I was just informed that “The Price of Love,” my short story that was published by Orson Scott Card’s Intergalactic Medicine Show last November and was previously only available for subscribers to read, is now free to read on the website!
This story had its origins last summer after too many viewing of Disney’s Snow White and the Seven Dwarves with my then-two year old, and I began wondering why the queen didn’t just cut that pretty little snow-white face up. About the same time I was reading about abusive relationships with narcissists, and I was soon frantically typing, trying to keep up with the fully-realized story in my head before I lost it. Very soon after this story was purchased by Edmund Schubert at IGMS for the 10 year anniversary issue, comprised of stories by former Literary Boot Campers, Schubert, and Card.
(And now, looking back, I can’t find a blog post announcing the sale or pointing anyone toward the preview… I’m clearly promoting my stories hardcore. SMH. Anyway. Rectifying that problem now.)
I’d hoped this story would be read more widely, and now I get that chance.
So if you’re interested in a dark retelling of Snow White that explores just why the queen was so concerned about being the ‘fairest in the land,’ follow this link!
Also, on a related note, here’s a quick link highlighting 8 mental abuse tactics that narcissists use on their spouses. If these hit a little too close to home and these tactics have been used on you, YOU ARE NOT ALONE. You are not crazy. You are wonderful, and there are communities out there that can help you work through this abuse.
Quick story I thought I’d share here, as it’s been running through my mind the last two days:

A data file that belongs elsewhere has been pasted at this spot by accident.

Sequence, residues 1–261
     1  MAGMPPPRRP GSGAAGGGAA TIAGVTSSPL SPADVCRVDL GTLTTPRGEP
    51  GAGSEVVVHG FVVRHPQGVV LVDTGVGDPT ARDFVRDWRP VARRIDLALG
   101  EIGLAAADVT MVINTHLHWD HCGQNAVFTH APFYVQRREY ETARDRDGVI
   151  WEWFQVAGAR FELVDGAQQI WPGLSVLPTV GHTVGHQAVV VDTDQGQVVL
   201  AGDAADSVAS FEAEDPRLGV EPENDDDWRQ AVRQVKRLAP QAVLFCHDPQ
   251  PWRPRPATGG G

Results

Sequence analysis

I’m the music leader for the children at church. Being the music leader means that every Sunday, for 2 hours, I circulate between 4 groups of children and we sing music. Having taught dance for half my life and studied a little about what helps children’s brain develop, we use lots of movement and lots of props. Props include paper stars, felt raindrops, windwands (pictured below), paper plates, rhythm sticks, and so on. The children love the variety.
Well, most of the children do. Sometimes I offer a prop to a child and they don’t want to take it and that’s okay – the option for them to get one is always open.
This Sunday we used paper plates for one of the first songs (it’s amazing what kind of choreography you can up using two paper plates), and as the children had used them last week for a different song, they were excited to make noise with them again – well, most of them.
One boy sat on his chair with a scowl on his face and body posture that said not to bother him – he was NOT in the mood. He didn’t volunteer or participate in any of the activities leading up, and even as I taught the simple paper plates choreography (I was the only one using paper plates at the beginning), it was clear that, like the week before, he wouldn’t be participating.
It came time to ask for helpers. Normally I try to reward positive behavior and let the grumpy slide by, but my eyes fell on that little boy and I knew he needed to help me. Or, in reality, I needed to offer him the chance.
So I asked him to stand by me and be my helper.
The brightening of his face lit up the room. I asked an even younger boy, equally struggling that day for whatever reason, to be my second helper, and he responded similarly. They loved helping me, and I won’t lie, it felt so good to know I’d helped them feel special.
It doesn’t always work out like that. Sometimes, as a dance teacher, I’d give a child a special part or ask them to help me in some way, and the idea would fall flat. The same thing has played out at church, too. Sometimes people don’t want the special part or to help or to have attention drawn to them, and that’s okay.
But the reaching out is the important part for me, as I could have passed the grouchy kids by until they had a better attitude. This time I didn’t, and it seemed to me that we had a happier group of children after the fact.
So that’s my simple reminder today – if we only bestow kindnesses upon those in our group, or upon those who are already deserving, and withhold it from the ‘naughty’ ones, we may be waiting to reward the ones who need that love and kindness the most for a long, long time. Let’s offer a kindness today to someone who didn’t show up on the obvious list, because they deserve to feel loved and included too.
So it’s the end of the day and I just remembered that my latest story, “Troubleshooting Your Doomsday Device,” came out from T Gene Davis’s Speculative Blog, and here’s another link to it! This is my first time appearing on Gene’s blog, and I’m pleased this story found a home there.